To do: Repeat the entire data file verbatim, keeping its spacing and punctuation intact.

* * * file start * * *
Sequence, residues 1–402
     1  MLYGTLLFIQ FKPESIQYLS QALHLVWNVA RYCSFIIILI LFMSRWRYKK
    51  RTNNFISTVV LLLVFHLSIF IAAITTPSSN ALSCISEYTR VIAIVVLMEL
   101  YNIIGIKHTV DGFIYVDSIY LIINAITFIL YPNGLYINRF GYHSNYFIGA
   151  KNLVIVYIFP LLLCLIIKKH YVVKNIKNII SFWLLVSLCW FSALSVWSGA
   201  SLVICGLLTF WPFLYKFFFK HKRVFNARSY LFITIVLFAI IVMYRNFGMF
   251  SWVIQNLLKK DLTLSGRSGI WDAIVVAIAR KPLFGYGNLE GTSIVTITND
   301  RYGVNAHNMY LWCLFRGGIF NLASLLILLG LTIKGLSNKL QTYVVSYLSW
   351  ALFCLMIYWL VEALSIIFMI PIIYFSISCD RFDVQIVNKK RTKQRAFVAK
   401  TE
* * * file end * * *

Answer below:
Sequence, residues 1–402
     1  MLYGTLLFIQ FKPESIQYLS QALHLVWNVA RYCSFIIILI LFMSRWRYKK
    51  RTNNFISTVV LLLVFHLSIF IAAITTPSSN ALSCISEYTR VIAIVVLMEL
   101  YNIIGIKHTV DGFIYVDSIY LIINAITFIL YPNGLYINRF GYHSNYFIGA
   151  KNLVIVYIFP LLLCLIIKKH YVVKNIKNII SFWLLVSLCW FSALSVWSGA
   201  SLVICGLLTF WPFLYKFFFK HKRVFNARSY LFITIVLFAI IVMYRNFGMF
   251  SWVIQNLLKK DLTLSGRSGI WDAIVVAIAR KPLFGYGNLE GTSIVTITND
   301  RYGVNAHNMY LWCLFRGGIF NLASLLILLG LTIKGLSNKL QTYVVSYLSW
   351  ALFCLMIYWL VEALSIIFMI PIIYFSISCD RFDVQIVNKK RTKQRAFVAK
   401  TE